- DO NOT use a helmet that has already been in a bike accident
Don’t ever risk your head on a helmet where the structural integrity may already be weakened. This is one safety feature you don’t want to skimp on.
Think of a helmet working the way a car does. When a modern car gets into an accident, everything crumples to save the passenger from taking the hit. A bike helmet does the same thing.
Once the helmet’s internals have already taken the force to protect your head, they are done with. Even though it may look fine, it won’t protect your head in a bike accident the second time.
How Should a Helmet Fit?
When you find the right helmet, it should fit like it was made for you. The only way to find the right fitting helmet is just to try them on until you find the right one. You want a helmet that fits without a compromise to safety.
A good way is to make a list of the ones you want and work your way down trying them on.
When you try on a helmet, fasten the straps firmly so that there isn’t movement when it’s just sitting on your head. Just put your hands on the helmet to keep it from moving.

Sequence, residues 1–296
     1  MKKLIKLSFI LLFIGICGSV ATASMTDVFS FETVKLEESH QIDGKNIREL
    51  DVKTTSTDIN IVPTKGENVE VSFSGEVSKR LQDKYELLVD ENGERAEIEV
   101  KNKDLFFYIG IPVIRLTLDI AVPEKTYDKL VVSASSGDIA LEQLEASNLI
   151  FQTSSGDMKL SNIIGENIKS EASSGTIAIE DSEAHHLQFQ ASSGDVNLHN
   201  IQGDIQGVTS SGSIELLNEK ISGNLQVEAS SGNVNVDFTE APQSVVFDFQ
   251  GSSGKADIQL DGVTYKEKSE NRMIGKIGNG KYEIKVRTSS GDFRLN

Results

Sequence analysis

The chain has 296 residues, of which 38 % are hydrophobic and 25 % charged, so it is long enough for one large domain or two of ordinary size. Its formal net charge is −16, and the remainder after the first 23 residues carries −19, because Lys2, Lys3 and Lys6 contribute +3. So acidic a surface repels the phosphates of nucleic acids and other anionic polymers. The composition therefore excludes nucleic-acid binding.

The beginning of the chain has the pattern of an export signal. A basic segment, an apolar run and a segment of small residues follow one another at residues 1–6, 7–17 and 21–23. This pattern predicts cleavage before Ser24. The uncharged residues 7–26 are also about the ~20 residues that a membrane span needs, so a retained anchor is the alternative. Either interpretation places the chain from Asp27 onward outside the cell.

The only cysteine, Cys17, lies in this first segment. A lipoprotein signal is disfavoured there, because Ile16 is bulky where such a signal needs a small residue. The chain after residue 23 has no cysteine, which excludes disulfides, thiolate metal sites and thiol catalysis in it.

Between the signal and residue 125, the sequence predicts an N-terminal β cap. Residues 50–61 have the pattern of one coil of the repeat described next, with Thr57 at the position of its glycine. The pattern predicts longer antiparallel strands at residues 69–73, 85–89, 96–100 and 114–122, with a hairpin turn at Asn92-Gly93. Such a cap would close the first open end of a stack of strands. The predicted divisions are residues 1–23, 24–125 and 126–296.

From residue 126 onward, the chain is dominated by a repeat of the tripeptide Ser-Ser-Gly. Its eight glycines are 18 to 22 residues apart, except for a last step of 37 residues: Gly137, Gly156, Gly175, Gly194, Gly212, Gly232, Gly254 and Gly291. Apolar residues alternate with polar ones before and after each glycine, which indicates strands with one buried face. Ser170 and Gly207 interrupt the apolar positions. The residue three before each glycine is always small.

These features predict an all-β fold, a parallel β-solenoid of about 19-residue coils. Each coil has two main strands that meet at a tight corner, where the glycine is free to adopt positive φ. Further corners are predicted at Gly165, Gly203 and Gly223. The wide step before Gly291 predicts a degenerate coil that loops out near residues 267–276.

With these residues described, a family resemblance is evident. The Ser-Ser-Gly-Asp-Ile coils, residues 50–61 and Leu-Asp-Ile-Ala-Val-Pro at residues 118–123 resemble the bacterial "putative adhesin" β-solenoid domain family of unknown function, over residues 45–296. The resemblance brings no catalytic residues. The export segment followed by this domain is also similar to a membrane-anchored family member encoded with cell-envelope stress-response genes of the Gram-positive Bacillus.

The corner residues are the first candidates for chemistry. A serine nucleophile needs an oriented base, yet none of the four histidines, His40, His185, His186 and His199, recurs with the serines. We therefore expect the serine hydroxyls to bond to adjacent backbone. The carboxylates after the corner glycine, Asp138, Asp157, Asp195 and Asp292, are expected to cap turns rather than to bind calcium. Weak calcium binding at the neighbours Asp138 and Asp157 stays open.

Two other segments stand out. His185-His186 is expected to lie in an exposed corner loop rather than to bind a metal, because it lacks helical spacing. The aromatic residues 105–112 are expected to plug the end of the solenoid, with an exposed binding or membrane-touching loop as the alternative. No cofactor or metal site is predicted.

Try these tests to see if the helmet and your head move as one:
- Turn your head left and right to see if there is any play
- Move your head forwards and backwards
- Try lifting both sides and the front and back to see if the helmet separates from your head at all
If all of those go ok and the helmet feels ok on your head, then you have your winner.
You might be wondering what is a good way to do this as online has the best prices. Well, this is one of those times you need to worry more about getting the right product than saving a few bucks by supporting your local bike shop.
Go to your local bike shop and try the helmets on like I said above. The shop has very knowledgeable people who will help you to be sure you pick the right helmet. Remember, you’re going to have it on for a good 3-4 hours at a time.
Do Helmets Require Maintenance?
After a ride, I always wipe down my helmet with anti-bacterial wipes such as Chlorox wipes to keep the helmet from getting a bit funky. If not, the sweat builds up over time.
Aside from that, there’s not much to do unless you get into a bike accident and hit your head or a really hard fall. If you’re not 100% sure it’s unaffected such as your head didn’t hit anything, then it’s time to pick up a new helmet.